“That’s what we’re all striving for,” he said. “It’s hard. As players we put in a lot. It’s not just the physical toll it takes on your body, but the emotional toll in terms of the disappointment and the pressure you put yourself under.
“Then there’s all the after-match stuff, media and family. It’s hard to take, to lose three in a row [in Six Nations]; five in a row [in all]. It’s not fun.
“But the way we’re playing is the right way for the players we have. As you can see, in phases of the game we’re playing really good rugby, dominating chunks of games, but there have been lapses of concentration or dropped balls at times when I’ve felt we’ve had the opposition against the ropes.
“We’re letting teams off the hook a bit, especially France. We had them in the first 20 minutes, but through soft defensive stuff of our own we let them claw a way back into the game. You can’t do that at this level.
“There are guys putting pressure on who will be pretty annoyed that we’ve lost and they’re not in, so we need to deliver a winning performance, and not just a patchy performance that had given encouragement to the fans. Ultimately, we need to start winning games.”
With a novice in David Denton at No 8 and openside Ross Rennie older by six months but with just 14 caps, and three starts in the Six Nations, Barclay is a guiding influence to a back row that faces a major test to improve the breakdown accuracy against a physical and skilful Irish trio. The loss of the explosive Sean O’Brien yesterday to an infected foot that has failed to clear up, will be felt by Ireland, and thrusts 22-year-old Munster flanker Peter O’Mahoney into the fray in his first season as a pro.
A key figure, as always, will be the referee, and both coaches are keen to see what they consider fairness to their side from the new Kiwi in charge tomorrow. Chris Pollock is highly-rated in the Super 15 but only took charge of his first Tri Nations match last year and was a reserve at the World Cup. This will be his first Six Nations game.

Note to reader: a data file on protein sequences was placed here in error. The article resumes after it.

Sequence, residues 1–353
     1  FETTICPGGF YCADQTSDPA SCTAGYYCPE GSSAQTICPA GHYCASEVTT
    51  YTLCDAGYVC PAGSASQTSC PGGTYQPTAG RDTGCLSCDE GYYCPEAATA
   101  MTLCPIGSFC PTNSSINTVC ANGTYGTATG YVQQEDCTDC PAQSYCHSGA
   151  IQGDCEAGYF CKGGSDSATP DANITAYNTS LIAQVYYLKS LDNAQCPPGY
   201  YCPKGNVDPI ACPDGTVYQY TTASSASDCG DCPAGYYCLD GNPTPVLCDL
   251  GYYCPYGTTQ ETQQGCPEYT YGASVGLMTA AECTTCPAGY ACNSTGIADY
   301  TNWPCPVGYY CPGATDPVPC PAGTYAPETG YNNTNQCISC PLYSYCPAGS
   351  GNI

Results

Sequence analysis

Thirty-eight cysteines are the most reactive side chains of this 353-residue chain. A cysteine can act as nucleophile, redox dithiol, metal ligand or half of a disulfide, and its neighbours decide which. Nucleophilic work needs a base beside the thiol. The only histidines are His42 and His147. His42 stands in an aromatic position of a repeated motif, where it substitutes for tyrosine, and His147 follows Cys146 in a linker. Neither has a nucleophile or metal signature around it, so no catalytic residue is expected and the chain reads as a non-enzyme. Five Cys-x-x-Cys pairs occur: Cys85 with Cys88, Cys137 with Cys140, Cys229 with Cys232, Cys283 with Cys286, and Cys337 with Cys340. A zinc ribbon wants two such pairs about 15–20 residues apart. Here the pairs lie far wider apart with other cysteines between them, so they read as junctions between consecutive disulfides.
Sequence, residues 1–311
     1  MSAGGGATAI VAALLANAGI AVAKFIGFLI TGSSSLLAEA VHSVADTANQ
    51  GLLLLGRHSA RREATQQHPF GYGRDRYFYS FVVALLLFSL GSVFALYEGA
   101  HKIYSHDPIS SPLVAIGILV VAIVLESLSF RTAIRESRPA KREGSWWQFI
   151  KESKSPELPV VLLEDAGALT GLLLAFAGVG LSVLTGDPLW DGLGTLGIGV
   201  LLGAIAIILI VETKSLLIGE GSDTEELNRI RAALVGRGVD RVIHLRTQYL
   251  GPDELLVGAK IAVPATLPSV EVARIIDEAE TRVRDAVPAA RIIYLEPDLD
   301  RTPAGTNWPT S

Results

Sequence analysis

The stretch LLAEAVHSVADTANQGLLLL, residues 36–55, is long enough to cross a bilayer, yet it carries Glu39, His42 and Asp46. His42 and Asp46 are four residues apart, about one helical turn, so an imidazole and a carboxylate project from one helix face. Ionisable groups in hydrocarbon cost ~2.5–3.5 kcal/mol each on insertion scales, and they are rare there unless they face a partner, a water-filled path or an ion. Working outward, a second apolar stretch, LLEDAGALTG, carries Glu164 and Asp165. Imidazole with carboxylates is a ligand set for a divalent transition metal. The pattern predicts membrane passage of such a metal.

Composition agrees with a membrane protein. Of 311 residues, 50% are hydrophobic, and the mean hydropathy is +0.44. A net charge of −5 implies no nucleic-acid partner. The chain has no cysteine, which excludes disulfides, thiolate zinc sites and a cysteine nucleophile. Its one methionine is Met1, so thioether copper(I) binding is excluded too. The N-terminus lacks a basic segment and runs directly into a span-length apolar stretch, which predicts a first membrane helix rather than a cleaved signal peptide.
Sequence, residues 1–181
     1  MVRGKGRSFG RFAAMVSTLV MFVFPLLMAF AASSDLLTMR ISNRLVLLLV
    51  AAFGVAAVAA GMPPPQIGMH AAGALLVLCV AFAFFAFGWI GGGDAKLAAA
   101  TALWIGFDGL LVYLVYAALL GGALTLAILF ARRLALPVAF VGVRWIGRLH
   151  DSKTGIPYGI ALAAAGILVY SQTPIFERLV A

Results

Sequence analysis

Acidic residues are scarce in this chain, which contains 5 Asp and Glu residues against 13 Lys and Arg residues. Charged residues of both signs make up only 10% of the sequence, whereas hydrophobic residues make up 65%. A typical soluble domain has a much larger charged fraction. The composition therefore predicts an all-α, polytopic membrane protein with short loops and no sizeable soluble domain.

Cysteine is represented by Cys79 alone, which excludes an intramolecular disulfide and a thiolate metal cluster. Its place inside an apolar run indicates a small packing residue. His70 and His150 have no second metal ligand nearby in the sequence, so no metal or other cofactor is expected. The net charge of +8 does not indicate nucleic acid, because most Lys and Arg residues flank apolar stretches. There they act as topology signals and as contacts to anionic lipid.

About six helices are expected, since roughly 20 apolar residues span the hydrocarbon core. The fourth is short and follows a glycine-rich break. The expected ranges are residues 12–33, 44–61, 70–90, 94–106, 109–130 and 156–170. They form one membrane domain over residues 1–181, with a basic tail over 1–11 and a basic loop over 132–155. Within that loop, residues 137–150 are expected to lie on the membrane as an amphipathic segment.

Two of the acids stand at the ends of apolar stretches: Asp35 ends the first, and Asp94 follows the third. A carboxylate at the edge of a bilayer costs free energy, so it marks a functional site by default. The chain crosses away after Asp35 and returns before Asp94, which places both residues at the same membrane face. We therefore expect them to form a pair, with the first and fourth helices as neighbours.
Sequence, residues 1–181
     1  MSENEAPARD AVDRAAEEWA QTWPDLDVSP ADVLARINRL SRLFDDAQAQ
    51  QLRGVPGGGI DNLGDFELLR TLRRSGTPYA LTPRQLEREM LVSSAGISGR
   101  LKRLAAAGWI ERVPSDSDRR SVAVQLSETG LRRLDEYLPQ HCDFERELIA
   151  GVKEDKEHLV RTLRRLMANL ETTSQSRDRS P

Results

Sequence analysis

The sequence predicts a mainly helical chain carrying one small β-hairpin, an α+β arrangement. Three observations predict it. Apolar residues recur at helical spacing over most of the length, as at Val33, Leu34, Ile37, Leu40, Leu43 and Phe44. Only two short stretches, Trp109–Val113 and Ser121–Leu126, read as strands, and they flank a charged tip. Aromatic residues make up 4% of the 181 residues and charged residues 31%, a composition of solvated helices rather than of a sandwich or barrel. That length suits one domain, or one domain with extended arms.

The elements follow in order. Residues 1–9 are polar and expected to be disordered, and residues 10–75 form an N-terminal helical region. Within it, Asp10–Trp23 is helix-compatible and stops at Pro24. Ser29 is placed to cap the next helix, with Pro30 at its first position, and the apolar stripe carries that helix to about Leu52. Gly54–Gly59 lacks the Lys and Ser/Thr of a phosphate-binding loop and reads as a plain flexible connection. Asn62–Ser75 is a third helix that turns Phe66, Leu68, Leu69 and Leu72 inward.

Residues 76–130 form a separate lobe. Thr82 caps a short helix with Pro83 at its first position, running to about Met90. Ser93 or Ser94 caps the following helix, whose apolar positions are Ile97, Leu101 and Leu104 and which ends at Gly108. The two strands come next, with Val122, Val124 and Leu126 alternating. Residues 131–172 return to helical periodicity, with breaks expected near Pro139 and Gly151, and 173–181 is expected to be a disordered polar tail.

So how cute the back rows are could be even more integral tomorrow than usual. Barclay certainly knows the Irish players well from club and country meetings, and is unconcerned by his switch from the usual openside berth to blindside.
“I’ve played openside my whole life and I guess you find yourself in different positions on the pitch and you’re maybe not tied up as much, but it would be stupid of me to try and play like a different player just because I’ve got a different number on my back. I think I did alright at six [against France]. I felt comfortable and I got my hands on the ball quite a lot.
“They’ve got some quality players and I’m sure they’ll be confident, but I think our back row has performed pretty well. We’ve been pretty solid in the championship, although we maybe spluttered against France in the contact area.”
He added: “They’ll be frustrated with their results. They lost first up, beat Italy convincingly and then got the draw at the weekend, and they’re missing a few guys in [Brian] O’Driscoll, [Paul] O’Connell and [Conor] Murray, though they have a lot of experienced guys.
“But it seemed to me that the French were attacking really deep and what they were doing looked a wee bit unconvincing. We will take them on up front and try to stop them getting on a roll. Once you get on a roll it’s very hard for a defence to stop you.”